Recently, Google took an extension down from the chrome web store that I had previously been using as part of a research project. Here are my thoughts on the matter.
An experiment with extensions
First, it is worth mentioning that the extension was originally used for a pilot study a while ago, and isn’t any longer in use, so no-one is being adversely affected by this. I also fully support any move that will increase users privacy, and like what I’m seeing.
But it does strike me as a little hypocritical that google should take down a tool which was being used to collect data for research when their whole business model is about hoarding data. Whatever, I’m not the multi-billion-dollar-conglomerate, so what does my opinion count?
The extension in question was used in a controlled study environment, and collected the following data:
- Domains of sites visited for the duration of the experiment
- Some code that people wrote in an editor
- An email address
If that’s how google wants to handle things, fair enough. For a long time the web store has been a hive of malware, and if Google are finally cleaning up and police their storefront, that’s a good thing. I’ll take down my extension and find some other route for measuring data in future research projects if it means there will be less malware for people to encounter.
For now, as part of further research, we’ve decided to build a custom system that has all of the coding side integrated using a GitLab instance. Once built we’ll be able to handle the code collection, execution, e-mail addressing and any questionnaire stuff ourselves. If we want to handle visited domains, we’ll need to work something else out though that would be in line with extension hosting guidelines.
To summarise my thoughts on a perspective of google’s newfound privacy-centric attitude:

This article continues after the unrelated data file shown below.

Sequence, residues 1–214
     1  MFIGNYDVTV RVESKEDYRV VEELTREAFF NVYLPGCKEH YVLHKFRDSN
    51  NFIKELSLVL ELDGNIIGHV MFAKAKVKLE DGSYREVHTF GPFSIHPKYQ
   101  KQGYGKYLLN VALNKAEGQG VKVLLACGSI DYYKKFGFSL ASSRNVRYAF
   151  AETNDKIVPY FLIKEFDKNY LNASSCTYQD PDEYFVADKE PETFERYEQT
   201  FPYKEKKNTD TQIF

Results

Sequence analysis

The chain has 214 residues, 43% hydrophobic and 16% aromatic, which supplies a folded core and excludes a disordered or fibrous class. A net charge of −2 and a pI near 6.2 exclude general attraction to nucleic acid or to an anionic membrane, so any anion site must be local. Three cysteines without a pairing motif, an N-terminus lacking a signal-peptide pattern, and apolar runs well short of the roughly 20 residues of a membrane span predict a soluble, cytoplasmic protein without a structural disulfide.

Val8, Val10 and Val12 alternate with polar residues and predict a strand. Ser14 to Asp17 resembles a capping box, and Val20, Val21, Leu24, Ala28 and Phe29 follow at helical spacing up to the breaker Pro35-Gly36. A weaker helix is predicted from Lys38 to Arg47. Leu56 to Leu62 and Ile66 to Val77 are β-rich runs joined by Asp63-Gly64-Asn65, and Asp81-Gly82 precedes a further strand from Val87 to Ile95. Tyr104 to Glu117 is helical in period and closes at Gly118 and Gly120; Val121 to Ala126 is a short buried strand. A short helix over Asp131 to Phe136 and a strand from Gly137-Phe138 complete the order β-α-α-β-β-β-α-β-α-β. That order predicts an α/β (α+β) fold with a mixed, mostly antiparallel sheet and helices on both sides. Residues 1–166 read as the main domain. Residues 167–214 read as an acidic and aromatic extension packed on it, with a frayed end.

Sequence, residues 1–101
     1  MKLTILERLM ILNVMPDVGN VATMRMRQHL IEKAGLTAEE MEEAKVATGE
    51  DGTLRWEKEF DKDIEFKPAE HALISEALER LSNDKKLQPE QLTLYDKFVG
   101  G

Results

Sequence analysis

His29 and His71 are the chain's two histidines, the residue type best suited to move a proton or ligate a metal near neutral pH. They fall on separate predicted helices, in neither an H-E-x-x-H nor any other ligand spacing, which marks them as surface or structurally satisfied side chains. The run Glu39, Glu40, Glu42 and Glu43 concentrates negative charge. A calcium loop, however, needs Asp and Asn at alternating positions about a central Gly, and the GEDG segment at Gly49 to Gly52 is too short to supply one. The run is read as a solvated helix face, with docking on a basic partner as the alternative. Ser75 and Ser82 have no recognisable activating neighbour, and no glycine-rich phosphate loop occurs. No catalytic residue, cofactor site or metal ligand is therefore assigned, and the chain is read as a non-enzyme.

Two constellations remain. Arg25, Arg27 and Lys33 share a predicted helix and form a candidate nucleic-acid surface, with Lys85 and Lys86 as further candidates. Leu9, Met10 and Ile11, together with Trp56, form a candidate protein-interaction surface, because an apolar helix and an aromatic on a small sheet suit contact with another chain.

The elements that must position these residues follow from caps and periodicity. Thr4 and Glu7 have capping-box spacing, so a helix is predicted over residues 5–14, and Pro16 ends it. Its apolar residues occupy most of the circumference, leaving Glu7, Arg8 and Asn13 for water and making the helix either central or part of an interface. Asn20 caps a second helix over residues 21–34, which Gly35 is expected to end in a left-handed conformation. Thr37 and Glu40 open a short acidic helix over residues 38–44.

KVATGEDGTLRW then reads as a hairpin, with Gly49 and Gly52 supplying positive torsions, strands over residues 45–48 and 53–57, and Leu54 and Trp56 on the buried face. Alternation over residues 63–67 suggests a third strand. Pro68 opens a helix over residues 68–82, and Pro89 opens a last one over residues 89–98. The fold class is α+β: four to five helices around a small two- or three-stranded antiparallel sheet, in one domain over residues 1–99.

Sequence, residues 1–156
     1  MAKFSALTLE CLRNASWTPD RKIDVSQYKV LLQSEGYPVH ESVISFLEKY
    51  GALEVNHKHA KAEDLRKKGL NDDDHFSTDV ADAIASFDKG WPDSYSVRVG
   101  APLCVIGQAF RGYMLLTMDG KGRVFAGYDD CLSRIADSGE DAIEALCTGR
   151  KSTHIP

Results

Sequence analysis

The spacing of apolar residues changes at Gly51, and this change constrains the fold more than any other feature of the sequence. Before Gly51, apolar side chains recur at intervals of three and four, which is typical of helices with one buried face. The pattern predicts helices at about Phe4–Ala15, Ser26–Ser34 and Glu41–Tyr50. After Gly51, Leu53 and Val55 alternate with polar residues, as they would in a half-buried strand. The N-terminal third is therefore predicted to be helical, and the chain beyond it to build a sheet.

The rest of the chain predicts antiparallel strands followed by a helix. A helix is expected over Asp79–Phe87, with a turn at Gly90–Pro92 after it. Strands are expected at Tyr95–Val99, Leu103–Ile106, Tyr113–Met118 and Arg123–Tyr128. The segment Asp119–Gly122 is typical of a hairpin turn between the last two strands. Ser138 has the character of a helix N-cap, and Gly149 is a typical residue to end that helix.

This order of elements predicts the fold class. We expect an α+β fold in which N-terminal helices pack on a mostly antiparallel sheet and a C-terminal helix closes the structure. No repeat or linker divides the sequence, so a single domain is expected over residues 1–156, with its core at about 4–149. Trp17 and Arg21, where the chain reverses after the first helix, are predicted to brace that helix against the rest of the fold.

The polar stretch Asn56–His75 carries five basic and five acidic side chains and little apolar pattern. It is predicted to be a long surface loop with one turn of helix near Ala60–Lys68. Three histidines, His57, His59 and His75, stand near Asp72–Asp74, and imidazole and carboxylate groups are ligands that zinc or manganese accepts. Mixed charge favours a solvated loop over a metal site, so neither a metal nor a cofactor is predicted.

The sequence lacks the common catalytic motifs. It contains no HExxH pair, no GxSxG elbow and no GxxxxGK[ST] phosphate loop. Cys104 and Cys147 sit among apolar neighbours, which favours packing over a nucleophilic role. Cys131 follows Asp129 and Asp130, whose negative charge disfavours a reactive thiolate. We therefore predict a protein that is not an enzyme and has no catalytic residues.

- Their developer guidelines require Prominent Disclosure of collected data – This is when you state up front, clearly, what data is going to be collected whenever it gets collected. When we collected data, there was a big red banner that said “Domains you visit are currently being captured” that was added to the webpage. I can’t help but notice that Google doesn’t prominently disclose the fact that they are capturing your data every time you search, watch a youtube video, use your android phone in any fashion… you get the idea.
Some advice for researchers:
- Any time data is being collected (private or not, just to be safe), use big red warning banners to let participants know whats happening. I appreciate that this could feasibly impact the neutrality of the data in some circumstances, but informed consent is still important.
- Treat your extension (indeed any software or setup used) as if it was going to be public, even if it is marked as private or unlisted. This comes in handy if you have to rely on a 3rd party, but should also future proof your setup should you wish to open source it at a later date (something I would strongly recommend doing for replication reasons).
- If using a browser extension, avoid the browser vendor webstore entirely where possible – if you’re doing the study in-person, this should be doable. You won’t have to worry about Google / Mozilla making changes to their service mid-experiment. This is a consideration to have if you want remote participants.
And some advice for Google:
- If you’re going to hold developers to such a high standard of privacy, good for you. But maybe consider holding yourselves to that same standard. It just seems like the right thing to do.